Scarborough gets a subway stop

Toronto's City Council recently approved a plan to construct a subway extension in Scarborough, in the eastern region of the city.  The decision riles many urban planners because it provides only one stop at a cost likely well in excess of $3 billion.

An alternative plan calling for construction of light rail transit (LRT) through the same section of the city would provide more stops, serve more people, and cost significantly less.  

Chris Bateman's article nicely summarizes how the issue "became" a political football.  On his account, former Mayor Rob Ford turned a straightforward urban planning problem into a political football, just for his own benefit.  Ford erroneously labelled the LRT a "streetcar" and argued that a subway was the only facility equal to the dignity of the citizens of Scarborough.  

Although Bateman has the sequence of events right (to my knowledge), a couple of things should be clarified.  First, transit does not at some point become a political football, it is a political football, always.  How people get around—and, by implication, where they end up—in a city is a political issue and has been throughout the history of mass transit.  Toronto's latest travails are just a recent manifestation of this fact.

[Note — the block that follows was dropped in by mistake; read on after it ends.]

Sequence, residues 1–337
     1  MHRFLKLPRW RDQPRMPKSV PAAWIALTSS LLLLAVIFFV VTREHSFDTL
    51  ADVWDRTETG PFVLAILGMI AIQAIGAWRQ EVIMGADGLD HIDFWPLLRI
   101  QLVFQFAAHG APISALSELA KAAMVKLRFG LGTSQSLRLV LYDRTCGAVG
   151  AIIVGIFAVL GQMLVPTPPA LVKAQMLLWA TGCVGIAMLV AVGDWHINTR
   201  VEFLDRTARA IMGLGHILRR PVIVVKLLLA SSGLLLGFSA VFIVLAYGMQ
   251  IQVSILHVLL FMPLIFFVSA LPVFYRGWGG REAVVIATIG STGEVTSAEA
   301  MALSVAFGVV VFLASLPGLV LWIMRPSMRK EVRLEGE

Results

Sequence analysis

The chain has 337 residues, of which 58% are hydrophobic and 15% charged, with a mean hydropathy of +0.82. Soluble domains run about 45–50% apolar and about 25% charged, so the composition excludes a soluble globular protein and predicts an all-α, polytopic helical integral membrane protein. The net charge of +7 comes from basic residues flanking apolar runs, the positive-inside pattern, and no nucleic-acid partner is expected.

Second, the political leverage that Rob Ford found to campaign on the subway ticket has been developing for many decades.  Scarborough has been looked down on by Torontonians for many years, due, in no small part, to its origins as a working-class settlement (or settlements).  Labelled "Scarberia", it has been stereotyped as cheap and second-class.  This perspective has never sat well with its residents, to my knowledge.  The lack of subway coverage in Scarborough relative to Toronto has been viewed as another manifestation of this disregard.  

Only recently have residents of Scarborough and other Toronto suburbs found that they had the votes to do anything about the situation.

If the Council's recent decision proves regrettable, and I don't deny that it may well, it testifies not so much to the lamentable interference of politics in transit planning but to the naivety of believing that transit planning is not an inherently political activity.

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